Among many wonderful things about yesterday, one, for me personally, was learning of the new book out by Dr. Sylvia Ann Hewlett called “Off-Ramps and On-Ramps.” I first noticed her interview on the “Today” show but didn’t have a chance to really pay attention. Then I read the piece about her new book in yesterday’s New York Times, in Kotkin’s column titled “Opening the On-Ramp for Women.”
And if you didn’t see it, I’d urge you to read it: http://www.nytimes.com/2007/08/05/business/05shelf.html?_r=1&oref=slogin
Several things struck me about this piece. And some of you might be wondering why I’m blogging about the very thing I’ve sworn off – the repeated and generally non-news circulating through the media about women off-ramping and how companies need to get with the times. But again – a few things about this piece struck me.
First, this statement about Hewlett’s book:
“Dr. Hewlett brings to bear a great deal of evidence to support her contention that professional women are held back by an outdated career model designed for white men with wives at home.”
It really strikes a chord with me as it feels like my own professional reality. I am constantly aware of the fact that my colleagues around me might have children but that many of them also have wives at home. Meanwhile I am the wife. And I’d love to have a wife at home but I don’t. It’s me. And so – we can talk until we’re blue in the fact about the need for “equality among the staff” but the reality is, the demands on me are different than the demands on my male counterparts. Therefore, I don’t think the need for “equality among the staff” is anything but antiquated. It is becoming increasingly clear to me that if my workplace wants to keep me for many more years, then there needs to be the recognition that the quality of work I produce is more valued than the amount of hours I am physically in the office.
And then there is the closing comments of the article that stuck with me all day. I chewed on it a while, then I shared the comment with my ever-practical accountant husband, then I later shared it with my sister over dinner. There’s nothing quite like a potent analogy to really get you thinking so here it is:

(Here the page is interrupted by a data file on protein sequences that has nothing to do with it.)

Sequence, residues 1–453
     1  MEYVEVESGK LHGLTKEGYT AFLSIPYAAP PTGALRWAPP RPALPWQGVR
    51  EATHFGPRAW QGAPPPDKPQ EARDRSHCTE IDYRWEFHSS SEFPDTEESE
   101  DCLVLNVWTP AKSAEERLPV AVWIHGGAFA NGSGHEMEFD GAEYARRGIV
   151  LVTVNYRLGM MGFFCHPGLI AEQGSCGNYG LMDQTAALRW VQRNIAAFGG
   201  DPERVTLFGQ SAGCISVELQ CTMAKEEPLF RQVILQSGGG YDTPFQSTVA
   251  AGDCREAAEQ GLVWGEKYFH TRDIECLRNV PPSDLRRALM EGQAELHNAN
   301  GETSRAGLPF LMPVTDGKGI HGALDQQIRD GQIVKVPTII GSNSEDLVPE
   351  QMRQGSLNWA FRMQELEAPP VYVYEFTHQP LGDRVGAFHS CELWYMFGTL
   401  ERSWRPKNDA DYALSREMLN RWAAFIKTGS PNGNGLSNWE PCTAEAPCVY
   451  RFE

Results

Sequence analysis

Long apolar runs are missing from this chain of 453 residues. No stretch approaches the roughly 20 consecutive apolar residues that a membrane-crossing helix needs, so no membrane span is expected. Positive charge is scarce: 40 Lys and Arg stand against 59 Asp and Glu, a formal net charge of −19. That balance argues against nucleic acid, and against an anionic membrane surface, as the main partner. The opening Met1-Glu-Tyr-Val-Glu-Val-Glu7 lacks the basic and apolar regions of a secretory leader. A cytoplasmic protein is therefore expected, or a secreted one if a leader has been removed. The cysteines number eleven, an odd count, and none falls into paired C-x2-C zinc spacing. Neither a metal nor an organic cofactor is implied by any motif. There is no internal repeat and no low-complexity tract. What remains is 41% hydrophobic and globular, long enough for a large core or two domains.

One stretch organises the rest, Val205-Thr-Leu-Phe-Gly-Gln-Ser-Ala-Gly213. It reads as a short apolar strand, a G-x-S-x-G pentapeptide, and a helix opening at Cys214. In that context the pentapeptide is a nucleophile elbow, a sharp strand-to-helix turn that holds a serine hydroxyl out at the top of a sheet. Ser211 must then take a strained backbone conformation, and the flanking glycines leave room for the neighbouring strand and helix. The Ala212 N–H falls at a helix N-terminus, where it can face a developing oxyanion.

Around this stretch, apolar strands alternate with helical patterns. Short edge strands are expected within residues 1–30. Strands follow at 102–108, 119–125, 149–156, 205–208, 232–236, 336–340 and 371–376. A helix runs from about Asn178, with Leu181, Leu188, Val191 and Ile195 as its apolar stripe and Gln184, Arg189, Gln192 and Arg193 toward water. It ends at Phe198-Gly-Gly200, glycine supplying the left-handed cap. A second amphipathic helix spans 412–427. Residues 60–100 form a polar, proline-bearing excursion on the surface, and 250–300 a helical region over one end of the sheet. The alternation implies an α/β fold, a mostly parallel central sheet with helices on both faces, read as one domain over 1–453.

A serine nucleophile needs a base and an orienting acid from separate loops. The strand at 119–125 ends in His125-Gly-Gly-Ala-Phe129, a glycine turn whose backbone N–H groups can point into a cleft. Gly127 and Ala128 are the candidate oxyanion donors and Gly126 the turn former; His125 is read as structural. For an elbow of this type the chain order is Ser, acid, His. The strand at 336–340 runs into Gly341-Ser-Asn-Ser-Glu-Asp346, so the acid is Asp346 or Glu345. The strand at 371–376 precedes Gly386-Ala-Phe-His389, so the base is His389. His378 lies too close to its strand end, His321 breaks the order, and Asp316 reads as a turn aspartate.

“If a $2,000 desktop computer disappears from an employee’s desk, I guarantee that there’ll be an investigation,” Maury Hanigan, a consultant, tells Dr. Hewlett, adding that “if a $100,000-a-year executive with all kinds of client relationships” quits “to stay home with the kids — there’s no investigation.”
Can anyone have said it better than Ms. Hanigan? I mean – hello and thank you Ms. Hanigan. What a brilliant and poignant analogy she makes in a nice concise sentence.
Will anyone conduct an investigation in my office when I decide to off-ramp for more time with my children? I don’t think so. But Hanigan is right, there would be countless hours spent on determing the theft of my desktop computer if it happened.
I know that I’m a valued highly skilled worker, as are my friends. Our IT guy can go anywhere to replace my computer but I know – I definitely do not lack any confidence – in this – I know that my skillset cannot be replaced that easily. And yet, not a thing is being done to accomodate the needs of managing work with children to keep me here.
And so, Hewlett points out that fully 60% of highly skilled females off-ramp for a time. The distinction is – do they necessarily want to – or if more options were given to them, would they stick around? I would. I haven’t quite reached the off-ramp yet, but I’m headed there faster and faster each day.